And, as the newsroom becomes the target in the final season, the press fights back. It’s become a common trope in press reviews to portray Simon as an Angry Man, bitter and twisted by his experiences as a journalist at the Baltimore Sun. The darkness of The Wire allegedly reflects nothing more than Simon’s own alienated psyche.

Of course, this is entirely to the show’s credit. It makes the right people uncomfortable. The real life presidential primary season is showing again that the American political theatre can’t even begin to admit the problems of The Wire exist. The show has the audacity of despair; if it suggests no solutions, at least it is honest. (You won’t find the Clintons doing a YouTube skit about it.) Yglesias and pals have always got The West Wing.

PS: This was mostly written when I came across David Simon’s own comment at Yglesias’s blog. This post is long enough – still, I think it’s worth posting in full:

Writing to affirm what people are saying about my faith in individuals to rebel against rigged systems and exert for dignity, while at the same time doubtful that the institutions of a capital-obsessed oligarchy will reform themselves short of outright economic depression (New Deal, the rise of collective bargaining) or systemic moral failure that actually threatens middle-class lives (Vietnam and the resulting, though brief commitment to rethinking our brutal foreign-policy footprints around the world). The Wire is dissent; it argues that our systems are no longer viable for the greater good of the most, that America is no longer operating as a utilitarian and democratic experiment. If you are not comfortable with that notion, you won’t agree with some of the tonalities of the show. I would argue that people comfortable with the economic and political trends in the United States right now — and thinking that the nation and its institutions are equipped to respond meaningfully to the problems depicted with some care and accuracy on The Wire (we reported each season fresh, we did not write solely from memory) — well, perhaps they’re playing with the tuning knobs when the back of the appliance is in flames.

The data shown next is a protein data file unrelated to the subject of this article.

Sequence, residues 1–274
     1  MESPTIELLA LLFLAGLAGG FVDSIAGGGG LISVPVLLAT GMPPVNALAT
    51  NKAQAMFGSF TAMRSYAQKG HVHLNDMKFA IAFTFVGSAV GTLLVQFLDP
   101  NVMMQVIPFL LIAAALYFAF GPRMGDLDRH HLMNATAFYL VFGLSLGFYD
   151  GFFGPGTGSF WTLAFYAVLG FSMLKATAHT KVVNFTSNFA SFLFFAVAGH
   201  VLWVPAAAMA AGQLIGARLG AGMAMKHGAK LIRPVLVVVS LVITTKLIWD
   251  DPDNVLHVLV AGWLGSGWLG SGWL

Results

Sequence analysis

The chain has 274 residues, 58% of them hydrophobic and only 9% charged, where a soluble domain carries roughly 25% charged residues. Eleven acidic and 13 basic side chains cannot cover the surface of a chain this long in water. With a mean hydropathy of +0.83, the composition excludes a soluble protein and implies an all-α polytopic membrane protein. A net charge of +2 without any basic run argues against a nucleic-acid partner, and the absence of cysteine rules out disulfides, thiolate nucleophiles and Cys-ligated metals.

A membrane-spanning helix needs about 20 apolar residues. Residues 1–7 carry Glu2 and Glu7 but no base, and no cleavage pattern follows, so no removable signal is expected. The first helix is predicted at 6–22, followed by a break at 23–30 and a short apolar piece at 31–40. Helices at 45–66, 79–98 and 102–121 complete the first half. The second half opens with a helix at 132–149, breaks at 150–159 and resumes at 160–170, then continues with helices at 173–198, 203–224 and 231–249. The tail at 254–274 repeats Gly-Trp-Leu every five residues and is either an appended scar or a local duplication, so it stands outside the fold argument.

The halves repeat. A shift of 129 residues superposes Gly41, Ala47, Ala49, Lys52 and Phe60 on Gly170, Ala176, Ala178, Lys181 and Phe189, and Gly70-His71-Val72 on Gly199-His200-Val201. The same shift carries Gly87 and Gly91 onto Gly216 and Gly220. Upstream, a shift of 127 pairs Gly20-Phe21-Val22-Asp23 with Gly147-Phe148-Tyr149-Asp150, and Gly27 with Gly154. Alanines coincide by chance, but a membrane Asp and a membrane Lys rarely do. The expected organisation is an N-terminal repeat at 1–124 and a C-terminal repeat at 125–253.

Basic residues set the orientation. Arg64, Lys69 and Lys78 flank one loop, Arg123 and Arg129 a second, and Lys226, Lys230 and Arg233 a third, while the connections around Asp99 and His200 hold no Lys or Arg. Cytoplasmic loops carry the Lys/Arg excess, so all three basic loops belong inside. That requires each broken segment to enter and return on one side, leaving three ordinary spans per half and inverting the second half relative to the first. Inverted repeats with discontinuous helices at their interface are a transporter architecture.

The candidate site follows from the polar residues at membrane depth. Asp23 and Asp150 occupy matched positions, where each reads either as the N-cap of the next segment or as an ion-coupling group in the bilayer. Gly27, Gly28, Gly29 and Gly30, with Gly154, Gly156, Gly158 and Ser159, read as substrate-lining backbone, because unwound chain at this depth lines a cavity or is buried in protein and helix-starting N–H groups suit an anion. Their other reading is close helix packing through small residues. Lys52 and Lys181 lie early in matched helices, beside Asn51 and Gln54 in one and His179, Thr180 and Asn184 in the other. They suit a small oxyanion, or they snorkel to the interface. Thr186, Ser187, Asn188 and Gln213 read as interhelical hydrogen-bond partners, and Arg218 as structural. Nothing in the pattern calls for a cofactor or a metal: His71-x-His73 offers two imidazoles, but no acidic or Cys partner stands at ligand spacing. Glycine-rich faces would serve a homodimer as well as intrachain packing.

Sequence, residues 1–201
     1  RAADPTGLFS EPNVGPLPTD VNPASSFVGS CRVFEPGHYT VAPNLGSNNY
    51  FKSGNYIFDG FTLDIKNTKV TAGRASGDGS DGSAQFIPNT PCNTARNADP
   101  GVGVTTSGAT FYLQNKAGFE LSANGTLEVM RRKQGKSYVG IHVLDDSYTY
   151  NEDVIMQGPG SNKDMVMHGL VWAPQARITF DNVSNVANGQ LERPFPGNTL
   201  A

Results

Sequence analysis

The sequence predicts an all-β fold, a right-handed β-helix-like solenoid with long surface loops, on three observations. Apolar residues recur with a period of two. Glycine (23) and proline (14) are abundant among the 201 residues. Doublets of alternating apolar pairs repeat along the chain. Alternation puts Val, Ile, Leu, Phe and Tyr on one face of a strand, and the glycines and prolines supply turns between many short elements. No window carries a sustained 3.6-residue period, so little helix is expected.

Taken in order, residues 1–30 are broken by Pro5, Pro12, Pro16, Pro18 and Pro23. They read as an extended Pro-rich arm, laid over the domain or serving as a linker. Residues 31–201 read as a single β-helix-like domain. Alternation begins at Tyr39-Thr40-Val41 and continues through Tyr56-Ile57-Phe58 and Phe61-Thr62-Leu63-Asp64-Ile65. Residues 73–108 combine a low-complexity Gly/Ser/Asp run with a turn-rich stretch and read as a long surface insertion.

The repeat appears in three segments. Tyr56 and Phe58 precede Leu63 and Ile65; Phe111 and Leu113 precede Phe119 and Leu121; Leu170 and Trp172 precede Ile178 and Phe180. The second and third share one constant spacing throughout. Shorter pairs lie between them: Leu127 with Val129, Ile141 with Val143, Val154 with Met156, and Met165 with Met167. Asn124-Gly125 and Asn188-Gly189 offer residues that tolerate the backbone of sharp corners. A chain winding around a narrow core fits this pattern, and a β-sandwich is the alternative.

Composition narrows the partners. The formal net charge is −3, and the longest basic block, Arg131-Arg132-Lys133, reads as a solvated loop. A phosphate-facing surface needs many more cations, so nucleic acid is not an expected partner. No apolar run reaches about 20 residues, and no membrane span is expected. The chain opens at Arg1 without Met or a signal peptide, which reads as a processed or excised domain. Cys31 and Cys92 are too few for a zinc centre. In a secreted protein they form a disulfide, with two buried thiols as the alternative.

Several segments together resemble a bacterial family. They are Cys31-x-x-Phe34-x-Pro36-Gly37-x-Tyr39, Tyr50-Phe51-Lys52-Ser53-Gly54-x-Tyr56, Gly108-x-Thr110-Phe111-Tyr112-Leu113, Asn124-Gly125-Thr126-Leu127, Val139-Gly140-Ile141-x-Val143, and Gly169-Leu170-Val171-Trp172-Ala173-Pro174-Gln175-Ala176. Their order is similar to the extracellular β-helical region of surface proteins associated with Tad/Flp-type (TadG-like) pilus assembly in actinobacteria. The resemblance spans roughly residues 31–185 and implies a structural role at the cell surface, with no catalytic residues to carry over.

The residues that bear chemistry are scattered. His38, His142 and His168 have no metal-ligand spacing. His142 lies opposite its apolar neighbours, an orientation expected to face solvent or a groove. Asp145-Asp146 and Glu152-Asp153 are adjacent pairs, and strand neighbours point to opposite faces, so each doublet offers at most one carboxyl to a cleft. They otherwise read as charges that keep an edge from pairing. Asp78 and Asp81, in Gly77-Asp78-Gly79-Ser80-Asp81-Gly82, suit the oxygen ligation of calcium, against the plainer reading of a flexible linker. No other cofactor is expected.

Does that mean The Wire is without humanist affection for its characters? Or that it doesn’t admire characters who act in a selfless or benign fashion? Camus rightly argues that to commit to a just cause against overwhelming odds is absurd. He further argues that not to commit is equally absurd. Only one choice, however, offers the slightest chance for dignity. And dignity matters.

All that said, I am the product of a C-average GPA and a general studies degree from a state university and thirteen years of careful reporting about one rustbelt city. Hell do I know. Maybe my head is up my ass.

If The Wire is too pessimistic about the future of the American empire — and I’ve read my Toynbee and Chomsky, so I actually think a darker vision could be credibly argued — no one will be more pleased than me as I am, well, American. Right now, though, I’m just proud to see serious people arguing about a television drama; there’s some pride in that. Thanks.

D. Simon
Baltimore, Md.

Published in: on 13 January, 2008 at 9:09 pm  Comments (3)  

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3 CommentsLeave a comment

  1. […] Nu har sista avsnittet i femte och sista säsongen av David Simons The Wire visats på HBO. Jag kan därmed, slutligen, konstatera att serien var i klass med Battlestar Galactica, Brideshead Revisited och Next Generation. Här är en text som förklarar dess storhet, denna Balzac of Baltimore. […]

  2. […] Nick Hornby mit dem The Wire Autor David Simon lesen, oder hier, was im New Yorker dazu steht oder hier wie David Simon mit Balzac verglichen wird. Wer The Wire schon gesehen hat, hat wahrscheinlich […]

  3. […] and thought-provoking (I especially recommend the essays by Helena Sheehan and Sheamous Sweeney, Julius Caesar Scaliger, and Erick […]